Many years ago I was part of the 11th hour construction documents staff that was added to a hospital renovation design team to meet an out-to-bid deadline. The project, then internally behind schedule, had not been well organized or adequately staffed during the design phases, and the impending deadline forced the firm to add many staff who were not familiar with the project. The project scope and design decisions were not effectively communicated to the new team members. One unfortunate result was the unnecessary scheduling and expensive replacement of all patient room doors on a floor of the hospital that was beyond the intended scope of the project. In the 11th hour chaos, the question “why are we doing this?” went unanswered. Hundreds of hours of ineffective time poured into the project, far exceeding the firm’s budget for the project and yet still leaving the construction documents with major gaps and inconsistencies that would pester the project throughout construction. There was no way or time to check the documents before they went out the door; so unhappy feedback from the field, the CM, and the owner took the place of checking. Firms learn and improve from such experiences in order to survive.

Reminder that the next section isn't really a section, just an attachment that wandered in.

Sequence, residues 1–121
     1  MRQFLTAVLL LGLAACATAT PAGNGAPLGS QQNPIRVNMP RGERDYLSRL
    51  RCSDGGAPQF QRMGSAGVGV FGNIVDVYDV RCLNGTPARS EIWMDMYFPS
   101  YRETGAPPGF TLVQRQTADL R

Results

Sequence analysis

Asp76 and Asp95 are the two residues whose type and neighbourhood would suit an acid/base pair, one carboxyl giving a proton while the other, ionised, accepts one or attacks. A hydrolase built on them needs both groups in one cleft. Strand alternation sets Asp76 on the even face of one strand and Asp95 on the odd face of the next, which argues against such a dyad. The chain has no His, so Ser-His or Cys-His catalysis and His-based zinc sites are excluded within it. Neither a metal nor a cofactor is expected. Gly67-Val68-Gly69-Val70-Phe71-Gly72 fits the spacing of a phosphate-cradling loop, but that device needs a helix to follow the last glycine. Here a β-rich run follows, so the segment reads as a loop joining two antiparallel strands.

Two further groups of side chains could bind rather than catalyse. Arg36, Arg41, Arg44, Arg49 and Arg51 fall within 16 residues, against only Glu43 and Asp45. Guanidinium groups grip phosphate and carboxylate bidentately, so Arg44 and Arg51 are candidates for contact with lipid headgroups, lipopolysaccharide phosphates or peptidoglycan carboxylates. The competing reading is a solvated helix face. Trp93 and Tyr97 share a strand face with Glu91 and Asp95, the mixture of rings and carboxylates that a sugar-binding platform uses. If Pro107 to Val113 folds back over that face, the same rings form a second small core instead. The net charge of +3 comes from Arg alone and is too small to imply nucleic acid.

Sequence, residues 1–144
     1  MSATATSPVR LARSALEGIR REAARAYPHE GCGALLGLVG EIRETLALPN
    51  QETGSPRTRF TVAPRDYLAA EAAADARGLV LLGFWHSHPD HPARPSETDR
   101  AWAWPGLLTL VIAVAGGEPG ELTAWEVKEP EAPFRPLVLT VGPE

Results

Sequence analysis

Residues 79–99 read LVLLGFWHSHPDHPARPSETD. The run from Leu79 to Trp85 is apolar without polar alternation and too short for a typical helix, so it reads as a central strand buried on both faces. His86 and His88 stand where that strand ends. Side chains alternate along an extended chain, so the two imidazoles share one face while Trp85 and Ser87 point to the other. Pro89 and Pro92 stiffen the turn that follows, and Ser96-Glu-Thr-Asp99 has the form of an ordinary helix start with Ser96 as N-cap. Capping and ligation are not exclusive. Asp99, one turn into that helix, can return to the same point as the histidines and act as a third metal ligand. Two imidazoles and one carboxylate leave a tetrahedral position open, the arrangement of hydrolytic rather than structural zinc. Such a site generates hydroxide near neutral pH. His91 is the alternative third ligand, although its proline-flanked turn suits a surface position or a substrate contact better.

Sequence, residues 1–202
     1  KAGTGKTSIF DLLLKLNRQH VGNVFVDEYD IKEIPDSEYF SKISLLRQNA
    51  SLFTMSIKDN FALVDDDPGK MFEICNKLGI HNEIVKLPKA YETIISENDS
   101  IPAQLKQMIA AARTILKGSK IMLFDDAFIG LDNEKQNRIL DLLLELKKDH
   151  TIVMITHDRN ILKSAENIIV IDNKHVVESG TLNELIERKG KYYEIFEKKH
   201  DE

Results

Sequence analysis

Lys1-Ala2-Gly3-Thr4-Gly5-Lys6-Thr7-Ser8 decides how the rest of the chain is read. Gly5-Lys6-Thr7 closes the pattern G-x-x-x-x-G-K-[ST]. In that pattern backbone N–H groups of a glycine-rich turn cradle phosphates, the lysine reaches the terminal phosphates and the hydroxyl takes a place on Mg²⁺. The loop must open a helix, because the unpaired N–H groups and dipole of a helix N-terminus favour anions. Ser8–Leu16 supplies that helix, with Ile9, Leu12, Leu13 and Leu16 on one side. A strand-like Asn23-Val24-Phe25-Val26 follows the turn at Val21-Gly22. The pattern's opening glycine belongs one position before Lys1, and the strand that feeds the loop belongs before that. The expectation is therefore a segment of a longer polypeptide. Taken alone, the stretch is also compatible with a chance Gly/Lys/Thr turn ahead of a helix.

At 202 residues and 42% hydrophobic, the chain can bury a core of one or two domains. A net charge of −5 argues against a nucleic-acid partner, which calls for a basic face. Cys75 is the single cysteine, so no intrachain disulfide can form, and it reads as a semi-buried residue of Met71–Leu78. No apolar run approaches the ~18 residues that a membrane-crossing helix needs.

Although the focus of project communication is often outside the walls of the designer’s office – reaching out to consultants, owners, authorities, and construction managers – the in-house team also needs effective management, communication, and supervision in order to keep a project on track. Key decisions must be documented in a way that in-house staff assigned to a project can become familiar with the project intent; of course, there will be and should be questions, but the basic information must be developed in a timely way and made available for staff access. And the persons leading the development of design and construction documents must be effective communicators more than dreamers.